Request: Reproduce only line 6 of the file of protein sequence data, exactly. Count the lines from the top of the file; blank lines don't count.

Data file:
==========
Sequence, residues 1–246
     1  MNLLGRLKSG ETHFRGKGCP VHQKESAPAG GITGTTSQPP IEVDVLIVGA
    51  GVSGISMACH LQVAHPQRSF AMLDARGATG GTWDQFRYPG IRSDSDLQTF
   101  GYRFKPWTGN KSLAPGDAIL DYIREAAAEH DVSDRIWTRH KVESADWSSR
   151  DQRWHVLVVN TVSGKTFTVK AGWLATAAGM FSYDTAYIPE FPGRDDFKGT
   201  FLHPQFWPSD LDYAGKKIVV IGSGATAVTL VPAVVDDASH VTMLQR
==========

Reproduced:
   201  FLHPQFWPSD LDYAGKKIVV IGSGATAVTL VPAVVDDASH VTMLQR